I wish there was no war anywhere in the world and the story of Ellen the main character in the book is so touchy with every person she connects and loses and she always decided to be brave that's our best to be
Jul 31, 2019 rated it it was ok
The cover was so beautiful while both the title and blurb enticing. Yet, the dialogue was beyond cluttered and the story kept regurgitating the same anecdote. There were too many characters revolving around the story that there was no substance. I kept reading, hoping it would get better until finally I realized it wasn't.
Historically located in England during WWII, the reader will see German bombs drop on England but only from the inside of a shelter. Nothing else of historical relevance.

Jul 04, 2019 rated it did not like it
Shelves: own-read, hard-copy
To say this book was a struggle would be an understatement. This book needed to be at least 100 pages shorter and was so slow and boring I gave up halfway.
Nov 18, 2018 rated it it was amazing
I finished We Must Be Brave by Frances Liardet a few days ago. All the emotions I had when I finished the book still lingered. The feelings of sadness, sorrow, hope and most of all the feeling of love still lingered days after I read this book.

This is a story set in England during WWII period and about a 4 year old girl Pamela being left behind on a bus and Ellen, the main character from the book, picked her up and bought her home herself so the little girl can stay safe. The story started from
Jan 06, 2019 rated it it was amazing
The publisher's summary suggests this is a story of World War II and the heartbreak of tearing families apart, but it is so much more. A young child is taken in by a couple when her mother is killed by a bomb. Despite the husband's misgivings, his young wife Ellen connects to traumatized Pamela and throughout the horrors of war, she creates a cocoon of love for the little girl. The special relationship is ripped apart when the child's father reappears. The book is not yet half complete when Pame ...more

We Must Be Brave started off with a little bang. Not a big bang.. but it was enough to get me invested. I wanted to know why this little girl was on the bus all by herself. Where her mother or father was at. Why she was so hard to wake up (I mean I sleep like the dead.. but at one point, if you keep poking the sleeping bear -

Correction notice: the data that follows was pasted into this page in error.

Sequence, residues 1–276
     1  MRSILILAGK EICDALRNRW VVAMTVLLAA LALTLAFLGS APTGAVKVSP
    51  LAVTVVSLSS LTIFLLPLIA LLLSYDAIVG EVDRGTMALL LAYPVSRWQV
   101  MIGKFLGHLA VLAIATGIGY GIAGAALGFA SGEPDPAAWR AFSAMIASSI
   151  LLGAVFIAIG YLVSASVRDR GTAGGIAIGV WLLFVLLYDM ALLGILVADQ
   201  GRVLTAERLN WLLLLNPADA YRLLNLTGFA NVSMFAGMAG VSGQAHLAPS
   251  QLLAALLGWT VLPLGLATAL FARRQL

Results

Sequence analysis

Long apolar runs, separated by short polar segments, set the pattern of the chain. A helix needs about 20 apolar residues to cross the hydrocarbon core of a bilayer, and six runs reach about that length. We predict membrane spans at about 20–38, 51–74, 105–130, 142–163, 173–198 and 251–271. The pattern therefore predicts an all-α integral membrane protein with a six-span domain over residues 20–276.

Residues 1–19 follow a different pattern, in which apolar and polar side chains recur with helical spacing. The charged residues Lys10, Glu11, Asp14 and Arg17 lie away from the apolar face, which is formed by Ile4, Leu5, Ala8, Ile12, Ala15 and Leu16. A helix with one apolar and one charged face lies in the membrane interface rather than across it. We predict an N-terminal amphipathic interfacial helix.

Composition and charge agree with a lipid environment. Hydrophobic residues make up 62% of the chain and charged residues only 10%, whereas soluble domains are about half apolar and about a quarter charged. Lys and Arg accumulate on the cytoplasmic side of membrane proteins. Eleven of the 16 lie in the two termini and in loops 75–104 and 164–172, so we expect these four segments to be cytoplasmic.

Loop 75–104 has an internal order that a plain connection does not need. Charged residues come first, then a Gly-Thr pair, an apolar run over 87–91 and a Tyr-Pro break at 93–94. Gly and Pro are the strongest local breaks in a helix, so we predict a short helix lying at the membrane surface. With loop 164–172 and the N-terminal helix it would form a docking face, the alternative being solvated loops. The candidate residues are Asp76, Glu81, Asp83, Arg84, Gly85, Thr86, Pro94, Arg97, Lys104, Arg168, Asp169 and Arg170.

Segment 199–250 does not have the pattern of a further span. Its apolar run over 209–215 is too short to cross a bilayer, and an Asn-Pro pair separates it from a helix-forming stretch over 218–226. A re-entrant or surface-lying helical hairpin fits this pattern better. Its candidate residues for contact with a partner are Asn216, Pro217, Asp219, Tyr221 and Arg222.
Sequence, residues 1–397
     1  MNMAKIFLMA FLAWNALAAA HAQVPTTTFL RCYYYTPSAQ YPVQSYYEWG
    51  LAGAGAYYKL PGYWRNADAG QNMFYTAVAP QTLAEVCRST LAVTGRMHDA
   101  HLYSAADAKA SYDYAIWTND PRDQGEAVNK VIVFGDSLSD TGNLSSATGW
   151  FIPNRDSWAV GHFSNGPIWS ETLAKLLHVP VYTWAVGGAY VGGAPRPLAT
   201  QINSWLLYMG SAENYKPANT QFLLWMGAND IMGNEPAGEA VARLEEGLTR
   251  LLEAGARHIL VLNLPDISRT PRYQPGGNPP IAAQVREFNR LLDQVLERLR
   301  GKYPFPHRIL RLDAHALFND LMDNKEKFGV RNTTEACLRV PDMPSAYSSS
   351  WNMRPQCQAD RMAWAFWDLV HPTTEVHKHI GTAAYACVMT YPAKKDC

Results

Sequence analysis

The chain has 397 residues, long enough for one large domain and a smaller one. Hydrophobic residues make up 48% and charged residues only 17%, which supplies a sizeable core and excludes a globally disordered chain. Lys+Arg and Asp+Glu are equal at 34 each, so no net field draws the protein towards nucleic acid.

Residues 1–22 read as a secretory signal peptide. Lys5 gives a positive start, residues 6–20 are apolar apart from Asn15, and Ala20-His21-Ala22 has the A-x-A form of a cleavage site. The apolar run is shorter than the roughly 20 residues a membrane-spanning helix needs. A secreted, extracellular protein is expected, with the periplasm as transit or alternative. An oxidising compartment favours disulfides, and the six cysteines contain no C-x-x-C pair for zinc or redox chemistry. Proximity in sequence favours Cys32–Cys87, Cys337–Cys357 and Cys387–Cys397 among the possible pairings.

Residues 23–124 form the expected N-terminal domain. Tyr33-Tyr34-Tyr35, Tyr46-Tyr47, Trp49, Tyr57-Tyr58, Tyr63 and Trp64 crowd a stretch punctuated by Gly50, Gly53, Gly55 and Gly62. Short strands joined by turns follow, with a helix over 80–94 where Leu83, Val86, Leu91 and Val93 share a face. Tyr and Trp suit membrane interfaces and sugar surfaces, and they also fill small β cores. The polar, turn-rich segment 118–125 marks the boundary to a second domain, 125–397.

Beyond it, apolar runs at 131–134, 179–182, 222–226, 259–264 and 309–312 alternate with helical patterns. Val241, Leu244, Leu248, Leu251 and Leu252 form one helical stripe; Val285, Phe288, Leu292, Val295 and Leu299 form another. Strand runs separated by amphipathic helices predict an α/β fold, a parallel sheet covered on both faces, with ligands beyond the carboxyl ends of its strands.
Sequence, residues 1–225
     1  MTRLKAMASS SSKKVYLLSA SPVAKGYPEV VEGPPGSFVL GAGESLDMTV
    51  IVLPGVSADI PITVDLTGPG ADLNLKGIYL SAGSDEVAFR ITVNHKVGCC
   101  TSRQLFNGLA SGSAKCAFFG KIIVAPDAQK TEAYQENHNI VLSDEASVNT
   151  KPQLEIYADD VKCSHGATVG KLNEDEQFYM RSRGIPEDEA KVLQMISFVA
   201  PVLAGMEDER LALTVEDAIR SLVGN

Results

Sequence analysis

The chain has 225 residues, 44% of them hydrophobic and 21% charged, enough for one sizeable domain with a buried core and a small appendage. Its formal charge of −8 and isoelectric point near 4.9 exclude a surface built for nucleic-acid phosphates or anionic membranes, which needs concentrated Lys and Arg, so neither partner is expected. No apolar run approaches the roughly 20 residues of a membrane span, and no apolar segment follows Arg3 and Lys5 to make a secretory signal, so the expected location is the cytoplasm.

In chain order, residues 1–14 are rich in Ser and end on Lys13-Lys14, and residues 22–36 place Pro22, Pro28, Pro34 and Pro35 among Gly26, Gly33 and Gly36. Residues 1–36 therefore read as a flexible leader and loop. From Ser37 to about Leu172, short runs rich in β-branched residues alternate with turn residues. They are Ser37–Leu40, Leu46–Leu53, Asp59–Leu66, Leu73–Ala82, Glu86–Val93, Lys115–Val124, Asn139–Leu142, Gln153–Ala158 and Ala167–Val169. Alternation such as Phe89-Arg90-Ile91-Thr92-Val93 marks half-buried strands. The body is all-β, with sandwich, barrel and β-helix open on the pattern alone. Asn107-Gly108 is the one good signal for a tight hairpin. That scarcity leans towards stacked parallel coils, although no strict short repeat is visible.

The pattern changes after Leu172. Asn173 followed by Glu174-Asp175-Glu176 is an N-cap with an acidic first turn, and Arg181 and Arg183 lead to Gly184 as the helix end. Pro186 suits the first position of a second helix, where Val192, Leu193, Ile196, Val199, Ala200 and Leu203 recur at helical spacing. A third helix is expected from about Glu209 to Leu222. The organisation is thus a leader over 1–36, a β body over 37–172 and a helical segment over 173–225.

Sep 03, 2018 rated it really liked it  ·  review of another edition
Shelves: fiction, historical
I finished this book at the end of my lunch hour and returned to work slightly red eyed and a bit sniffy but filled with the joy of a marvellous ending to a wonderful book. This beautifully told, heartfelt novel tells a story of love, loss and discovery spanning the 20th century. Looking at the bonds between parent and child and the hard decisions that are sometimes necessary we are shown that families, whether those we are born into or those that find us, always play a part in making us the peo ...more
Michael Cayley
A story of loss which straddles the period from just after WW1 to the beginning of the 21st century.

It starts an air raid on Southampton during WW2. A little girl called Pamela is separated from her mother and taken by bus to a nearby village. Selwyn and Ellen take her in on a short-term emergency basis, and end up giving her a home after her mother is found to have died in the raid.

The core of the book is Ellen’s life story and the next section is a retrospective portrayal of her moving from co
rina dunn
May 02, 2019 rated it it was ok
Oh boy! Where to start with this one!
I really like historical fiction but it has to keep my attention and this one in all honesty felt like it was dragging a lot!